We set off on the Storey Arms path towards Corn Du. This one was a favourite when I was training because it challenged mentally as well as physically. The first climb to the top of Y Gyrn is followed by a drop down to a stream, which further down the valley becomes the Taf. Then, it seems, you have to do the whole climb all over again. (Actually, the drop and re-climb is only around 55m but it is very disheartening to lose those hard earned centimetres.) The whole climb is visible from just above the stream and it’s clear that it gets significantly steeper towards the end.

On the way down to the stream we met a walker who had been camping below Corn Du the previous night. Yesterday, we saw snow on Corn Du and he confirmed that yesterday, there had been a fall of about 3 inches, but it melted during the night. It had been warm where he camped, which was a small lake in Cwm Llwch.

When we got to the stream, Rufus dived in up to his tummy. He was clearly relieved to cool down a little as the sun had started to warm him up. By the time we left, he was soaked and the river had lost some of the pebbles from its bed.

The drag up to the ridge was long and it felt endless. But suddenly we were at the point where our path meest the one from Pen Milan. Over a hundred years ago, a little boy was lost on the mountains and died in atrocious weather near here. Little Tommy Jones’ body was found just down the ridge and a memorial stone commemorates the incident. It’s a sad place and when the weather is misty and rough, it’s a sobering reminder of how dangerous this place can be.

We set off up the steepest bit of the climb. I plodded along slowly; Rufus bounded back and forth. The last bit is particularly hard going and I put my head down and got on with it. I looked up just before cresting the summit to find the silhouette of Rufus looking down to see why I was taking so long. Corn Du was windy and cold but it was great to have finally got there.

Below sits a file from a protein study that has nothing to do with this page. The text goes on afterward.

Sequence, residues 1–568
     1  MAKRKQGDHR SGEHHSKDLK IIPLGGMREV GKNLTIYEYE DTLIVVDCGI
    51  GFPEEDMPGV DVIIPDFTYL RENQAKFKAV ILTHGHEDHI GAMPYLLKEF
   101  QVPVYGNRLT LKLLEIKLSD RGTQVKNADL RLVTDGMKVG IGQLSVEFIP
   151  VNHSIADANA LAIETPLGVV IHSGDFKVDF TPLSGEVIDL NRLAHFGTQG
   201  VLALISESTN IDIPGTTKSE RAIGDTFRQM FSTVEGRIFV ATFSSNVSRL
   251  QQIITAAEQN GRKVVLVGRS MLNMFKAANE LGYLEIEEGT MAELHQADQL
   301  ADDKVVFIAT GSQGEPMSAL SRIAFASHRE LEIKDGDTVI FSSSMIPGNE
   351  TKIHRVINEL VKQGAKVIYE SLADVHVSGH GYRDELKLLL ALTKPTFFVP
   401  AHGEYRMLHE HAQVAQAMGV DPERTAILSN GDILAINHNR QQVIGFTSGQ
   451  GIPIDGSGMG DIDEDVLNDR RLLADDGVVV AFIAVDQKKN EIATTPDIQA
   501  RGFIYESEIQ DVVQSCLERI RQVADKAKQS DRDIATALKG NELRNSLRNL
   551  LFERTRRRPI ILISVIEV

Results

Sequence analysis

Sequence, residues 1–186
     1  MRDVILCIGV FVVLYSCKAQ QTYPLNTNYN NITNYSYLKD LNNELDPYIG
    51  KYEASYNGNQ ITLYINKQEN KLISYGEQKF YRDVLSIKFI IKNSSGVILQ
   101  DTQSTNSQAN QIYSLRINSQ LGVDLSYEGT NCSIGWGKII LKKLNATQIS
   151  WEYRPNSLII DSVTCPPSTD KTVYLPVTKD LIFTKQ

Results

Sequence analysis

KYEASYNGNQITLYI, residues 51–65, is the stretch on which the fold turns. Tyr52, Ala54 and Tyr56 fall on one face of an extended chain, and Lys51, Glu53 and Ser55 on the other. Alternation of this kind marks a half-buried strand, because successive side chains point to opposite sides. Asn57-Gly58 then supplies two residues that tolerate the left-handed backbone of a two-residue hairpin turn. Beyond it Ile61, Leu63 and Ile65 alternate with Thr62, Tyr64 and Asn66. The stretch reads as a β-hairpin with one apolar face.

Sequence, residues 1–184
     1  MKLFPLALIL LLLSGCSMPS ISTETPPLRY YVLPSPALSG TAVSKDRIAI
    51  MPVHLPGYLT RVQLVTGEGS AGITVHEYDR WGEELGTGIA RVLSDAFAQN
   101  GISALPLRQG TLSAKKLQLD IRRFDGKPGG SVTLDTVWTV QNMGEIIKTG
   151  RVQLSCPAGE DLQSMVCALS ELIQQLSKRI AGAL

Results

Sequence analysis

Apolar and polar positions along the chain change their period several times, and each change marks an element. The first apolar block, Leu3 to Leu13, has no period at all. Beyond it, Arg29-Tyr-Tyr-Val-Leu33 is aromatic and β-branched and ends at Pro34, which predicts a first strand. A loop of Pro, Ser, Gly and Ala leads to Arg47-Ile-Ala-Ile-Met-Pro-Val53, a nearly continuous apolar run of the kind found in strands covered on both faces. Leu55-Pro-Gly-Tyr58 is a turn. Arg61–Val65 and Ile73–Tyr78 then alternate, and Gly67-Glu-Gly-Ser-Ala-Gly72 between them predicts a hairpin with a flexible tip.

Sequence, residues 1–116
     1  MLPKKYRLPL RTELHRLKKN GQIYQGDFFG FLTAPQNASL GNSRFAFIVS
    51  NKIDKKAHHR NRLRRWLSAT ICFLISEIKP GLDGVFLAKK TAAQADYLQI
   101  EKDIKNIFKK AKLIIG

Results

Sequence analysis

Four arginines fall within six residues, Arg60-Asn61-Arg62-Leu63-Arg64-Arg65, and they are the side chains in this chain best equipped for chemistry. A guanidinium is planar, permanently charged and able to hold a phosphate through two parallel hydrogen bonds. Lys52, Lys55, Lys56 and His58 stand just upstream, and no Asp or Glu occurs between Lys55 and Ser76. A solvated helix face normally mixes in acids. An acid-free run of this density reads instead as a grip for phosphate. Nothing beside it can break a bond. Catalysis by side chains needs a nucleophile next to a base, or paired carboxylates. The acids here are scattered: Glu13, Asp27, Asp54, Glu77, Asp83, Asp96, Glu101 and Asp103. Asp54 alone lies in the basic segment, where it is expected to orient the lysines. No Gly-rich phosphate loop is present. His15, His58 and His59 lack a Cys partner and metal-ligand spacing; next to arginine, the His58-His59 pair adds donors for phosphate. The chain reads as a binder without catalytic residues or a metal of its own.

After a short break, we set off for nearby Pen y Fan, 13m higher but a greater cimb as we had to drop down to the saddle between the two peaks. It’s not far, but it’s enough when you’ve spent an hour climbing. The top of Pen y Fan was deserted, the way we like it. We had breakfast on its southern edge, watching little dots become people as they made their way slowly up from Cribyn. Pen y Fan and Corn Du are outcrops of sandstone and on the flat rocks that make up their summits you can see ripples in the stones. They were once part of a beach and the ripples are the same as those seen on modern beaches where the tide sweeps in and out.

Next on our agenda was a walk along Craig Gwaun Taf. The ridge stretches away to the south from the slope of Corn Du. It reaches down to the reservoirs in the Gwaun Taf valley and is part of the route of the Beacons Horseshoe. We walked along it for just over a mile and took a break at a large cairn before heading back.

It was time to head home and we made our way quickly down the tourist path to Pont ar Daf. It’s an easy path, well made and maintained but very busy and I prefer not to use it if possible. But I had promised Rufus a treat in the form of a bathe in the river Taf (the same river that he had paddled in on the way up).  He had shown no interest in any sheep on the walk but I put him on the lead when we were approaching some ponies, as they had very young foals with them and several ponies were pregnant. One of the foals was tiny, and still a little unsteady on its feet. Rufus showed no interest and neither did the ponies, so I let him off the lead again.

As soon as he saw the water, Rufus was off, leaving me behind. By the time I was nearing the river, Rufus had been in and had come back to meet me. He paddled and I threw stones for him to catch and all the while we watched a bunch of students making some kind of video just down river from us. I expect some of their footage has the insistent barking of Rufus as yet again I wasn’t quick enough, or I threw the stones in the wrong place.

We got back to the car exhausted but happy. Rufus was soon asleep on the back seat and i didn’t hear a peep out of him until we got home.

This slideshow requires JavaScript.